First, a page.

The first historian of Italian Renaissance art, Giorgio Vasari, called the fifteenth century “truly a Golden Age for men of talent”. Three of the artists in this room—Paolo Uccello, Domenico Ghirlandaio and Sandro Botticelli—worked during this pivotal century and all came from Florence, the cultural epicentre of early Renaissance art. Botticelli was one of the most sought-after painters, numbering the influential Medici family and Pope Sixtus IV among his patrons. His work is distinguished by his graceful style and precise line.
A growing demand for smaller devotional paintings for people’s homes meant that Botticelli produced panel paintings such as this one for his private patrons. Until the advent of canvas in the sixteenth century, artists used flat wooden panels, sometimes joined together, as the support for paintings.
Here we are looking at the first of a four-panel series devoted to the life of fifth-century Catholic saint, Zenobius. He was the first bishop of Florence and later became the patron saint of that city.
This panel shows the progression of his early life from a young man from a well-to-do pagan family through to his appointment as a bishop of Florence. Botticelli has used space, broken up with architectural features, to represents the passage of time. On the far left Zenobius, shown twice dressed in a pink robe and blue hat, turns away from his fiancée to commit himself to a monastic life. He is then shown kneeling while being baptised by Saint Theodosius and in the next scene his mother, who followed her son into the Christian faith, is also shown being baptised. In the last episode, Zenobius kneels before the Pope and is crowned with a bishop’s mitre.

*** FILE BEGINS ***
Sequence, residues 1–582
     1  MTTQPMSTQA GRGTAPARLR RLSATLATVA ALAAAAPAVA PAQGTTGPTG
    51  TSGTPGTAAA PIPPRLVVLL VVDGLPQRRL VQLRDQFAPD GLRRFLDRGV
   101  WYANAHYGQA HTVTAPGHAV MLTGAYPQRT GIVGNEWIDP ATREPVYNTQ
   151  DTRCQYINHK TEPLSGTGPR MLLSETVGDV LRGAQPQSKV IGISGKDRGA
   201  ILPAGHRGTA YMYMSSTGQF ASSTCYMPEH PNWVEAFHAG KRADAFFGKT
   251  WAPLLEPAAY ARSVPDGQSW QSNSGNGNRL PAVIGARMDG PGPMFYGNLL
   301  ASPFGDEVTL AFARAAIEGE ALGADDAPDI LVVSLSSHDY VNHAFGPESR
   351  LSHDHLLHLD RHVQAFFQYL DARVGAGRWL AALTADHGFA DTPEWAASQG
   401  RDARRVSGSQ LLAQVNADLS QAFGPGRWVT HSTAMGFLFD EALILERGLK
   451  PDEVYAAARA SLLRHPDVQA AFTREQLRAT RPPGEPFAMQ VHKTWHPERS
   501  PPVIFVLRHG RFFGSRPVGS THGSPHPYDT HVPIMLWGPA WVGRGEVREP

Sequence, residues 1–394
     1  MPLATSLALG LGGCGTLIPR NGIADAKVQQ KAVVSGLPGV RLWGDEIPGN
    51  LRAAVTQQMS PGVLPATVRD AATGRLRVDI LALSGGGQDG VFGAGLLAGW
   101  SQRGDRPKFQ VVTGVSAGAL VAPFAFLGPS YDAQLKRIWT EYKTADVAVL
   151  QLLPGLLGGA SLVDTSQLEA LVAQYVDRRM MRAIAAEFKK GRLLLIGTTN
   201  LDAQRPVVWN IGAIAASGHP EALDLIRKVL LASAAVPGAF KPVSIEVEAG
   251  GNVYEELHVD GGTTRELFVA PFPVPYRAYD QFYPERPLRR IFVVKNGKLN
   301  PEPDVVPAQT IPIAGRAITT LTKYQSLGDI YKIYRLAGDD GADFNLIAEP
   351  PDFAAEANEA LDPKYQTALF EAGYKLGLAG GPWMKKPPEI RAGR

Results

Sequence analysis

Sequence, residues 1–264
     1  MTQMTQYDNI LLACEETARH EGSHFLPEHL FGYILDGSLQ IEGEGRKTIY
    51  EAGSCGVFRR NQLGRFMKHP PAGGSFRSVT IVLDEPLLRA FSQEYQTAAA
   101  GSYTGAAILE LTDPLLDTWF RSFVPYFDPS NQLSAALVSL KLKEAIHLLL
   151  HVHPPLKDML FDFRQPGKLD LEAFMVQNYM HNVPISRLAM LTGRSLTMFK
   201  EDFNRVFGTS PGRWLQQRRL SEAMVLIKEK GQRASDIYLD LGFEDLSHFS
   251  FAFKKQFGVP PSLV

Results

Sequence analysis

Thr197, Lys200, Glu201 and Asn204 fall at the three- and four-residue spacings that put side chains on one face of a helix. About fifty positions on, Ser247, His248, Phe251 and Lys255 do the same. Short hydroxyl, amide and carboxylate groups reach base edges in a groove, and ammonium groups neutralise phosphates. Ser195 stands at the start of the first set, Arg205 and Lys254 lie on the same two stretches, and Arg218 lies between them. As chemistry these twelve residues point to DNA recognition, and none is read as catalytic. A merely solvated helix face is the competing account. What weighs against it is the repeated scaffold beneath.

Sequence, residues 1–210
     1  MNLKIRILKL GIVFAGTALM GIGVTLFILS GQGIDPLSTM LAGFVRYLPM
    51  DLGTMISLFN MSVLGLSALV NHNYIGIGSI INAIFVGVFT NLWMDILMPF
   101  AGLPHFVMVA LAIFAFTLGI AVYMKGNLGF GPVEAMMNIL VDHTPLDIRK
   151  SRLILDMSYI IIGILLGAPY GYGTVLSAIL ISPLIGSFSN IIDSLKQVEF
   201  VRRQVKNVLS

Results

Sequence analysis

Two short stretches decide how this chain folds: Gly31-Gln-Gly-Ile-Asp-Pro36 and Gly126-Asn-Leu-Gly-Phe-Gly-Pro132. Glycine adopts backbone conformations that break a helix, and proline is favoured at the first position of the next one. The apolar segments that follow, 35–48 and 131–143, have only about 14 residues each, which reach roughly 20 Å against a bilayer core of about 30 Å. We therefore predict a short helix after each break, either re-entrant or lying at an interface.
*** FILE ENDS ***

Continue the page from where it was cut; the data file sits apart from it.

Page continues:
According to the conventions of the time, Botticelli situated the holy figures in an historical setting of ancient Roman buildings. The decoration of the pillars incorporate a fleur-de-lys motif, which is the emblem of the city of Florence.
Among other things, Botticelli is admired for his complicated demonstrations of linear perspective and highly detailed representations of ornate classical buildings. In contrast this street scene is plain and paired back. This is thought to be one of the last paintings made by the artist and echoes the religious upheavals in Florence at the time. According to Vasari, in his book The Lives of the Artists, in Botticelli’s later years he became a follower of the fanatical Dominican friar Savonarola. Botticelli’s shift in belief and his personal austerity is reflected in this work. No longer concerned to make showy displays, this painting was intended to be the expression of simple piety.